I’ve been lurking the juce forums and watching youtube tutorials to learn about juce and audio programming in general. I thought a simple first project would be saturation plugin with an asymmetrical waveshaper into a PID controller. You can find it here:
I’m looking for advice on coding, juce, and audio dsp best practices that I’m ignorant to as an hobbyist programmer. I’m looking forward to what I can learn from y’all!
the plugin sort of crashes when you feed audio into it that clips 0db. you might ask yourself why would anyone do that? well i just tried it on a full mix that was normalized to 0. so it didn’t even exceed 0, but just reached it sometimes. so i suppose you have a lookup table somewhere in the code that probably processes the audio differently based on its volume, since it’s a saturation plugin. you’d have to make sure that it can’t go out of bounds.
next up let’s talk about the actual processing. i turned down the volume of my mix to -6db as that’s usually the best range for saturation imo. it immediatly colours the signal pretty strong on default settings into a warm and sorta dull direction. i guess that was to be expected. some popular plugins like NI Dirt do that too. i turned down the input gain to -60, but it didn’t really turn down the volume a lot. that doesn’t seem to work yet. double clicking on the parameter resets it to 0. that’s cool. but the skew factor sucks. you can barely just turn it down to -6 or something. it can only be moved very strongly without holding ctrl. when you turn the gain up it can turn the sound off similiar to my crash earlier, but the sound comes back when you turn it down again at least. still i’d change that. and no one needs max +30db for saturation. So i went on to turn up “Kp” and it kinda glitched out. now i have no sound anymore again. … ok i turned it down again and messed a bit with the input gain, now the sound is on again. so definitely see what#s the problem there. the “Ki” knob also does some weird stuff with the sound sometimes but i more or less like what it does. seems to be a tone-control. higher values make it sound a bit brighter. “Kd” also glitches out, like Kp does. the range works for the master output gain, but sometimes when you move it too fast the whole sound turns off. so definitely copy the code for the decibel conversion from this parameter to the input one, but also definitely try to improve everything else about it.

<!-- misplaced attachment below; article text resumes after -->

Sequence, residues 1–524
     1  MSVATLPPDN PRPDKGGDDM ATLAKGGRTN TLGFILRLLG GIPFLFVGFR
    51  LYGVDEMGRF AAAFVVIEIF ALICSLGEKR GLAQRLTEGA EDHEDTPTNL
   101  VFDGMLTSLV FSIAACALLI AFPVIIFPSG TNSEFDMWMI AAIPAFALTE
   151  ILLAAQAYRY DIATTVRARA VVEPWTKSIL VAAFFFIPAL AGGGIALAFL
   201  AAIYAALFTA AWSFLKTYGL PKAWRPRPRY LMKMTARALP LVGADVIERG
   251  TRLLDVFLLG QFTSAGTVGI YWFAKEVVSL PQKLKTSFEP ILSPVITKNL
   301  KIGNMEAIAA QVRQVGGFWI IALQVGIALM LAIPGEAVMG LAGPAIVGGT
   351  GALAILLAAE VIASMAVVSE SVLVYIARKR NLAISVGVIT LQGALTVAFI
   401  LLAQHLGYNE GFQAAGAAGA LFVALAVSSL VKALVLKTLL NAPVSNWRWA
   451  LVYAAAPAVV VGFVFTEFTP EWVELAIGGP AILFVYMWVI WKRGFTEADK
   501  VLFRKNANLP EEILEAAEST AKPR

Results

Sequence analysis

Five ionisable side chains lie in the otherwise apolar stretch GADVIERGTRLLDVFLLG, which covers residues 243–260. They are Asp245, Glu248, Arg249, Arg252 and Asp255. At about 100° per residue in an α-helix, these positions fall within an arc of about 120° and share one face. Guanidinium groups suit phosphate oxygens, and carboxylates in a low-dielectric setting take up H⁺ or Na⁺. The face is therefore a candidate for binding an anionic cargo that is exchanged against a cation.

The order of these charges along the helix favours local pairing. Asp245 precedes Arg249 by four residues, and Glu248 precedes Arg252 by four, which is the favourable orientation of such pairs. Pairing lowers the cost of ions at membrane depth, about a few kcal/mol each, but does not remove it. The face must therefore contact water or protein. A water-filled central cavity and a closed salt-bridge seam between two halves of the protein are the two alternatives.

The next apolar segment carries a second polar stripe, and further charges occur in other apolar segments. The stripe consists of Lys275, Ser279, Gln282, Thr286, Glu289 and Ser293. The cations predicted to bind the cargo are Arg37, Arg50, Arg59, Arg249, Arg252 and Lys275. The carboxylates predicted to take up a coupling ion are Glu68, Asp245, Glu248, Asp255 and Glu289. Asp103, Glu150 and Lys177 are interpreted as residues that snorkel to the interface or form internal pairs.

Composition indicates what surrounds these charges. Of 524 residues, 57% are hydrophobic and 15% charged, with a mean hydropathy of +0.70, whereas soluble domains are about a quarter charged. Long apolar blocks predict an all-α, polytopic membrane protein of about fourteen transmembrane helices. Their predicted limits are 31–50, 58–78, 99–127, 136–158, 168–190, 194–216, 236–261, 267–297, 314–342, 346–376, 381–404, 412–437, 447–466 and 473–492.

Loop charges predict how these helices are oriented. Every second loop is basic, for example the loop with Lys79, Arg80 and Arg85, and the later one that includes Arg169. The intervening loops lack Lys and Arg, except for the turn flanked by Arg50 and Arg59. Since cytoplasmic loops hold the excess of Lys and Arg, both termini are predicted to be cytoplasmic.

conclusion: all these audio dropouts are super annoying. idk what’s going on there. if it was about things going out of bounds i think it would crash the plugin so it must be something else. maybe some calculations just make no sense, idk. you have to find out.
edit: i checked out your code a bit. it seems you just do everything in processBlock. Maybe it would be a good idea to learn how to use your own header files and classes so you can tidy up your stuff better. A better overview on your code sometimes makes the mistakes more obvious as it’s easier to navigate. For example you could make a class that is only responsible for the gain faders and then just make 2 objects of that for in- and output. Also be more careful about edge-cases. There are so many audio dropouts everywhere that I’m really surprised that you didn’t encounter any of them before compiling this plugin